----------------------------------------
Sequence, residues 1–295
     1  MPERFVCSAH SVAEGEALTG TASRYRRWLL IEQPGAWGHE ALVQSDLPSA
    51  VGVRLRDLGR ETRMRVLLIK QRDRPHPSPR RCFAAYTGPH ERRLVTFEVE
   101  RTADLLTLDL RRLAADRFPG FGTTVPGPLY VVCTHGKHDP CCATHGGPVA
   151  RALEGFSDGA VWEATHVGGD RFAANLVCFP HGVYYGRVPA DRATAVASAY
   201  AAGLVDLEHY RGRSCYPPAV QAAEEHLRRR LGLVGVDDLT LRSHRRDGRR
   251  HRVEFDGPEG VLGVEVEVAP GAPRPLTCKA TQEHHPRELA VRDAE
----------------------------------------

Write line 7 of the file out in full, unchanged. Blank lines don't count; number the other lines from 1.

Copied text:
   251  HRVEFDGPEG VLGVEVEVAP GAPRPLTCKA TQEHHPRELA VRDAE